Many of us were attracted to the field of design specifically to make art. Then, somewhere along the way -- especially after having so much energy placed in making artifacts, not art -- our perception of what it meant to be a designer broadened. We became competent in creating specific kinds of artifacts. We mastered specific domains of expression.

But that didn't mean that we designed better artifacts. It's human insight that grounds and infuses design work that creates meaningful change in our society.

Making is not a direct substitute for generating meaning in design. But the process of making can lead to meaning, and our minds must be open to receive it. I've heard this described as "abductive" design thinking -- which in plain English boils down to being able to extrapolate solutions from limited information.

You can seek out that insight before creating your design, if you have the tools. If you don't, then you can start designing. But if you want to use your time wisely -- not efficiently, mind you -- you should practice agile design.

This is an excerpt from the final lecture for this quarter of 80 Works. Continue reading "Find Out For Yourself" on the 80 Works blog.

Starting a Disloyalty Program

Speak to the Cursor

I received my dividend check in the mail today from REI -- just as I was retiring my rock climbing harness. Talk about fortuitous circumstances. Right place, right time, right amount of free money to make the trip downtown worthwhile. It's like they knew exactly what I needed.

Then I walked into the store. There must have been hundreds upon hundreds of people just like me. The place was packed full of outdoorsy and not-so-granola types with their arms full of all those little things they'd been waiting until now to purchase. I almost balked at the very long line to check out, but it moved quickly. The woman at the checkout, Raven, thanked me for coming in and for being patient.

This scene was today. March 7, 2009. And it was only made possible because they'd sent me a check and held a sale.

When I got home, I read through the REI year-end report. Their earnings dropped from over $40 million dollars in 2007 to a bit over $14 million in 2008. That kind of shortfall is insane.

There are a large number of publicly-traded and private companies that are boldly suffering in the midst of structuring their businesses on extremely volatile business assumptions and premises. We're being told day after day and shown just how bad things really are. Perhaps your company or design firm has needed to lay off employees to gird themselves for potential failure.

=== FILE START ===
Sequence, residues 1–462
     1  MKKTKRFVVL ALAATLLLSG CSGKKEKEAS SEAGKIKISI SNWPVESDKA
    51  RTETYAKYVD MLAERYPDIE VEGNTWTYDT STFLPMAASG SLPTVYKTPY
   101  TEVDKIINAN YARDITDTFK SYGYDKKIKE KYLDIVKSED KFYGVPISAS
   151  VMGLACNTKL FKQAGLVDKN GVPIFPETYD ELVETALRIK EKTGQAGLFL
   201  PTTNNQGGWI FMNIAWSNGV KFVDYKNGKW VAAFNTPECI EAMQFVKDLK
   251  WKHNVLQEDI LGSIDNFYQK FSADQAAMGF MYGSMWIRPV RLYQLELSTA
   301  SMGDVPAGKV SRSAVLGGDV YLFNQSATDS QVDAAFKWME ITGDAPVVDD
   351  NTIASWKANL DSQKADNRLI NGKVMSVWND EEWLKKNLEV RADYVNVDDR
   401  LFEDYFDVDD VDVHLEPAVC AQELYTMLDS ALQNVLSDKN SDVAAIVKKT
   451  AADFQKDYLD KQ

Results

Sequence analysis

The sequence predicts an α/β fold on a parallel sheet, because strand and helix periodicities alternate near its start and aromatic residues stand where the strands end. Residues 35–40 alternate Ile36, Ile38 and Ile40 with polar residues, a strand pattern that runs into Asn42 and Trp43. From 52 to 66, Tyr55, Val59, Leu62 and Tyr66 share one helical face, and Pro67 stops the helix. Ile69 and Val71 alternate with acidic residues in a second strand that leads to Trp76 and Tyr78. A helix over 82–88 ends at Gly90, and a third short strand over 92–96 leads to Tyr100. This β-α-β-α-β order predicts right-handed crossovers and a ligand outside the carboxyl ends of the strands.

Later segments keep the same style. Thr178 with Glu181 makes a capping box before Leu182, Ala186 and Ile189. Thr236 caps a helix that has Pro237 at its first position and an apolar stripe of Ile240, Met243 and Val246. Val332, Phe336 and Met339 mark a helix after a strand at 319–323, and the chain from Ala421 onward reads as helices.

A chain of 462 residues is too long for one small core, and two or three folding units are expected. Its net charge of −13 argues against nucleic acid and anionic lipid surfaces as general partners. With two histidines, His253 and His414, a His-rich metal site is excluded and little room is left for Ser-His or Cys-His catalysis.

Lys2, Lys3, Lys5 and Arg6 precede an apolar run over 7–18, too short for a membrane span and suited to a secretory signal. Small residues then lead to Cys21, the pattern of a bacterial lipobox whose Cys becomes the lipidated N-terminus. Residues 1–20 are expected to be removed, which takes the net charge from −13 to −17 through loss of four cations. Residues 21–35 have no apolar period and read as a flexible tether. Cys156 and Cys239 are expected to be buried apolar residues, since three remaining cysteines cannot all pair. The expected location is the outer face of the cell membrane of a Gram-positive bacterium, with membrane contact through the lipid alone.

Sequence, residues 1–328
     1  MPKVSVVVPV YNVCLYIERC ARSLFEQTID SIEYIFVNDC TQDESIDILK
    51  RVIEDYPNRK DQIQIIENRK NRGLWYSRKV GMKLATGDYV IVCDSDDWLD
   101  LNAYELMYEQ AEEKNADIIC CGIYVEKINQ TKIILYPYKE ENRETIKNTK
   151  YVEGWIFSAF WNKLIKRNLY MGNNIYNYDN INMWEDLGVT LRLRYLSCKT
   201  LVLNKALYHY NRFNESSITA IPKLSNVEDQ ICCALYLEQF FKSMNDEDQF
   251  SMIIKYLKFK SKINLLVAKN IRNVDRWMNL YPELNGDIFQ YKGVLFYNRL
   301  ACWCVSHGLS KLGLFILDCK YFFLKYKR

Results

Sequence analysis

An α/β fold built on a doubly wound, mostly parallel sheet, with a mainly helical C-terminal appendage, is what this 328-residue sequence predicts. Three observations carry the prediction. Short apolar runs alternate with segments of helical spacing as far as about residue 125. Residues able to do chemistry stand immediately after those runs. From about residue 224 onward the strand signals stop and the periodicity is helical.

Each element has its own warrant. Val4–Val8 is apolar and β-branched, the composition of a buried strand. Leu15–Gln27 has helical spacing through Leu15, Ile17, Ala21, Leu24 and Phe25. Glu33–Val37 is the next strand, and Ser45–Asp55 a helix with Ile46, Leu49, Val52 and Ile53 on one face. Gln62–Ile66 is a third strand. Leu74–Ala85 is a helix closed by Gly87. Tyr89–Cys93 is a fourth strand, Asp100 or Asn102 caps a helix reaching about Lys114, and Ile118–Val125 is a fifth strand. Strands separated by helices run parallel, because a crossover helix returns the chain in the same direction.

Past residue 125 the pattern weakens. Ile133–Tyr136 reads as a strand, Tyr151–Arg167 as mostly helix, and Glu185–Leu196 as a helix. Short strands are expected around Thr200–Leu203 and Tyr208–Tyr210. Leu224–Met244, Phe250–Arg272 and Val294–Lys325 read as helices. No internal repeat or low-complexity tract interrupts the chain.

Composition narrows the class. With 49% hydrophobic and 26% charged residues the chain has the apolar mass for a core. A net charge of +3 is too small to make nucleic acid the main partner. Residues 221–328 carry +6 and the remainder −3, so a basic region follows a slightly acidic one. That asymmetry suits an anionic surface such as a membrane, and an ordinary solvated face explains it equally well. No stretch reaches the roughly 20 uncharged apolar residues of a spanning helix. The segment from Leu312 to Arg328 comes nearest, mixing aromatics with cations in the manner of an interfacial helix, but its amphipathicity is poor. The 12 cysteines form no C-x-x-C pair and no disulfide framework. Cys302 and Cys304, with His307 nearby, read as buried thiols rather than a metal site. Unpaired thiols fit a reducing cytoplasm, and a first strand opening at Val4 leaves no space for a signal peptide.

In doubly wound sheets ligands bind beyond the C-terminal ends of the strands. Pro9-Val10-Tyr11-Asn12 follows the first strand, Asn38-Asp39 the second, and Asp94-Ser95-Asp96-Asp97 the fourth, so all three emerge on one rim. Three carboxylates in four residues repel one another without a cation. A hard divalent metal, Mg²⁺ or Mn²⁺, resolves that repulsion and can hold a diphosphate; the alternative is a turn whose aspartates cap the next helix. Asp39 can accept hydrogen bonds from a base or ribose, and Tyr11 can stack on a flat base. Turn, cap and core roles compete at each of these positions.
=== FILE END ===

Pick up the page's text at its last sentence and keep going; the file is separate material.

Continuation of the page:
As a result, we need to be honest with ourselves and our clients. We should be telling our clients what we can do to help them beyond fulfilling stopgap, immediate needs. It's time to stop being reactive and start being proactive through the downturn.

How can you start being proactive?

You're going to need to be a little disloyal when it comes to "business as usual" thinking around design business. You're going to have to spend less time worrying about business as usual and more time being present with your clients as people.

A lot of what I'll be talking about in this post is fairly self-evident. But in the midst of so much sturm und drang, it's worthwhile to remind ourselves of some of the fundamental ideas about working relationships that undergird our profession from a business perspective.

Continue reading "Starting a Disloyalty Program" »

Not Good Proposals. Great Proposals.

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With titanic battles happening nowadays over new business, it's crucial that you craft great proposals to win life-sustaining projects.

Not good. Great.

In the past, I've worked at agencies where proposal writing consisted of creating a laundry list: one final logo in the necessary formats, two rounds of client revisions, and so on. That worked fine when the money was flowing. Nowadays, the cost of entry is higher. Clients look at the deliverables, the price, and then start to haggle without mercy. Maybe that worked a few years ago. Not so much now. If you're bidding on a serious project for a new client, you need something a bit more... thorough. Be prepared to ante up with a great proposal.

Here's what to keep in mind when you write it.

Continue reading "Not Good Proposals. Great Proposals." »